Archive for August 22, 2008

US GENERAL: AFGHANISTAN’S A FAILURE, STRESSES DEVELOPMENT

August 22, 2008

Erle Frayne Argonza

Good day!

A retired US general recently spoke about the overall conduct of war in Afghanistan. To the surprise and chagrin of defense experts and officials, the general most candidly declared that Afghanistan was a disaster.

The retired general spoke more like a development expert than a uniformed defense official. Accordingly, there is no military solution to Afghanistan’s problems. The ideas proposed by the same (ret) uniformed official combine relief and rehab, infrastructures, and capacity-building efforts, or those solutions that have to do more with a total development package. This is a clear departure from the demented thinking in Pentagon and DC that tend to exacerbate the destructive facets of US engagements in Afghanistan.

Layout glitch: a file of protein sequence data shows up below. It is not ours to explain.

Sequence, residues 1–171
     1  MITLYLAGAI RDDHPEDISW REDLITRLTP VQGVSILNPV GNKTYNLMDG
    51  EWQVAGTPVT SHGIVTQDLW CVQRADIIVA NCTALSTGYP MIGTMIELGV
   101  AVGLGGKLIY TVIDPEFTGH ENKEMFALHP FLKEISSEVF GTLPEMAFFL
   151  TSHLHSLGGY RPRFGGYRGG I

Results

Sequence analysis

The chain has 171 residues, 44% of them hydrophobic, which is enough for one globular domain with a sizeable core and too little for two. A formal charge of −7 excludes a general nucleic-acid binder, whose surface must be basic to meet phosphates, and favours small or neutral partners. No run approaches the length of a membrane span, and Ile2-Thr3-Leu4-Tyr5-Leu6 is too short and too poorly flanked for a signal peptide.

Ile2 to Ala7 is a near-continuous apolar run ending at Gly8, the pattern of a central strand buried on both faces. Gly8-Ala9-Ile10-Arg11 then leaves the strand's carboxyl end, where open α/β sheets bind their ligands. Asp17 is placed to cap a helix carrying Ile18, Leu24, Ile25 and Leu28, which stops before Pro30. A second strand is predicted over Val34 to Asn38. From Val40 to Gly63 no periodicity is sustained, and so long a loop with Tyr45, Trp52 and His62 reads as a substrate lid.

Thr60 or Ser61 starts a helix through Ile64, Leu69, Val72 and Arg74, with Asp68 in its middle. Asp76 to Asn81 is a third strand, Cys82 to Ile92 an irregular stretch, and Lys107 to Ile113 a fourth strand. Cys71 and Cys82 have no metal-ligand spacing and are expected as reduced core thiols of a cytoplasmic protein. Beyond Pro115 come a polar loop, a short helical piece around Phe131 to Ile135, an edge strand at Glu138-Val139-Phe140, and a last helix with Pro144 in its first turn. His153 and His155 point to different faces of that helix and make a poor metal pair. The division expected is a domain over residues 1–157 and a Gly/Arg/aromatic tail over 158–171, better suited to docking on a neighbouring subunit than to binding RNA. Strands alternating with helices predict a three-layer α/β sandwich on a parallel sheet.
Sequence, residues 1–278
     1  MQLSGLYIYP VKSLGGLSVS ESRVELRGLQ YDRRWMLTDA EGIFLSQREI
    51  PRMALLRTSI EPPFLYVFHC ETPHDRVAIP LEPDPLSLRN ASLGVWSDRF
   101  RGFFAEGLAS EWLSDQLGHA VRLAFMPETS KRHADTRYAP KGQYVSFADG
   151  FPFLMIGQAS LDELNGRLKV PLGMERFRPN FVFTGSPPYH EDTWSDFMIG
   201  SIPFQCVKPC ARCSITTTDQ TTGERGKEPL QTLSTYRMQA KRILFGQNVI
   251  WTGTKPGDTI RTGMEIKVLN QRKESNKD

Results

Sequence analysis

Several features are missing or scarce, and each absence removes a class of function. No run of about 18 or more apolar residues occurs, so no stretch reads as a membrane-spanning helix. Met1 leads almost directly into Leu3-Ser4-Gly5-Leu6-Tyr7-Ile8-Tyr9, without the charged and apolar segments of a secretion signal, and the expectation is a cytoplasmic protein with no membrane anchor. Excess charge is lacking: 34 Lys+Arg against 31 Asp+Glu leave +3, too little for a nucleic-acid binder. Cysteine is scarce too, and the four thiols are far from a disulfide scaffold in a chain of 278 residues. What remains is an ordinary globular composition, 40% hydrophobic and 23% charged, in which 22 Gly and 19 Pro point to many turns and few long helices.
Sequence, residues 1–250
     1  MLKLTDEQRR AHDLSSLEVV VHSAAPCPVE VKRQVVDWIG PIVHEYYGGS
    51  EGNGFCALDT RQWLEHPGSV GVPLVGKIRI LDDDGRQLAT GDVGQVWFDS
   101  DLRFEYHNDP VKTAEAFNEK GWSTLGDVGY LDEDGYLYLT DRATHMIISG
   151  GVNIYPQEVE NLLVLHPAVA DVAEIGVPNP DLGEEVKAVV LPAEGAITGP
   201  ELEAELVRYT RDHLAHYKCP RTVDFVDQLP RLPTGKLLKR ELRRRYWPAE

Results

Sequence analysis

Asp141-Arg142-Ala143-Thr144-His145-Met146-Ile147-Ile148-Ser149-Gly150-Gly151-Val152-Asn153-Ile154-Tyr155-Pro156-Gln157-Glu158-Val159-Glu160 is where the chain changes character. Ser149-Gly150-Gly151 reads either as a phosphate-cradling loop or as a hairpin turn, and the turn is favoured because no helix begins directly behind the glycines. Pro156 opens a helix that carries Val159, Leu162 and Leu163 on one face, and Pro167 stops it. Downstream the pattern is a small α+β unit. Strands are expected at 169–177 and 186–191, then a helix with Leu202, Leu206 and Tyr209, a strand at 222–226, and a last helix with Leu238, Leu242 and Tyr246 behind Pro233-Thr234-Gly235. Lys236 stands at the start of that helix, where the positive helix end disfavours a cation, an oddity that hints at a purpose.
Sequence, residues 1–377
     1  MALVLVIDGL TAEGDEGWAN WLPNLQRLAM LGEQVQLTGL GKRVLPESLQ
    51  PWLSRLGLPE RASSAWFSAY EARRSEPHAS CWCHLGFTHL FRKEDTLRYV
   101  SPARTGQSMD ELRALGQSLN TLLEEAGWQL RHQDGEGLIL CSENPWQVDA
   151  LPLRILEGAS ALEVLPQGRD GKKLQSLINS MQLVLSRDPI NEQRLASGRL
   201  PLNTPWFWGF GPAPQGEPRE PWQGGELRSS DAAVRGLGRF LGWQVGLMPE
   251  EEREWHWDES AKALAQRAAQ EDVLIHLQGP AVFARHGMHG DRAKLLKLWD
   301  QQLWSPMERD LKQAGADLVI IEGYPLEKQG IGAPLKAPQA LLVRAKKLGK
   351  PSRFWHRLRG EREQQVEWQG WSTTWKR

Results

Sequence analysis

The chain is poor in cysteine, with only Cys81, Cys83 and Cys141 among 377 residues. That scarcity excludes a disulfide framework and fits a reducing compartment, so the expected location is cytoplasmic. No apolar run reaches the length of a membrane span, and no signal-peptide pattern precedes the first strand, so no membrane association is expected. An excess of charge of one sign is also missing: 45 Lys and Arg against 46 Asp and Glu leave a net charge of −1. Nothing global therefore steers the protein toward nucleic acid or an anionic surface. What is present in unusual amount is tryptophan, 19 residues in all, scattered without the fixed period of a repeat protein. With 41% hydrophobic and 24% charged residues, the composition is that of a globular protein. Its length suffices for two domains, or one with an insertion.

Below is the news item about the (ret) official’s pronouncements.

[18 August 2008, Quezon City, MetroManila. Thanks to Executive Intelligence Review database news.]

McCaffrey: Afghanistan Disaster, Unless We Send in the Engineers

Aug. 7, 2008 (EIRNS)—Retired Gen. Barry McCaffrey, who often functions as an informal advisor to senior Army leadership on the current wars, reported on the disaster in Afghanistan following his July 21-26 trip to that country and to NATO headquarters in Belgium. In a memo dated July 30, addressed to the Social Sciences department at West Point, McCaffrey writes: “Afghanistan is in misery.” Sixty-eight percent of the population has never known peace, life expectancy is only 44, and Afghanistan has the highest maternal death rate in the world, he reports. The security situation, the economy (including agriculture, which is “broken”), governance, and the opium problems, are “all likely to get worse in the coming 24 months.”